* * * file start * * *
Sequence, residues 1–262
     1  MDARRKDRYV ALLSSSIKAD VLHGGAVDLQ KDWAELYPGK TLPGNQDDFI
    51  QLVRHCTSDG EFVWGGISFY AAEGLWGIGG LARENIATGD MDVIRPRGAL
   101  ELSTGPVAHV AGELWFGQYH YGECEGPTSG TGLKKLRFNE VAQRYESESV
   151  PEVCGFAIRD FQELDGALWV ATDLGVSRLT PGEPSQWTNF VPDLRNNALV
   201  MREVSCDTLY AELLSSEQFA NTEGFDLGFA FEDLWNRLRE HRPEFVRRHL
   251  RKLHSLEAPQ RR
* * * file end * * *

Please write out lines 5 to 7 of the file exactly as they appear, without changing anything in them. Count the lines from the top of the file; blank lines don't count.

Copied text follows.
   151  PEVCGFAIRD FQELDGALWV ATDLGVSRLT PGEPSQWTNF VPDLRNNALV
   201  MREVSCDTLY AELLSSEQFA NTEGFDLGFA FEDLWNRLRE HRPEFVRRHL
   251  RKLHSLEAPQ RR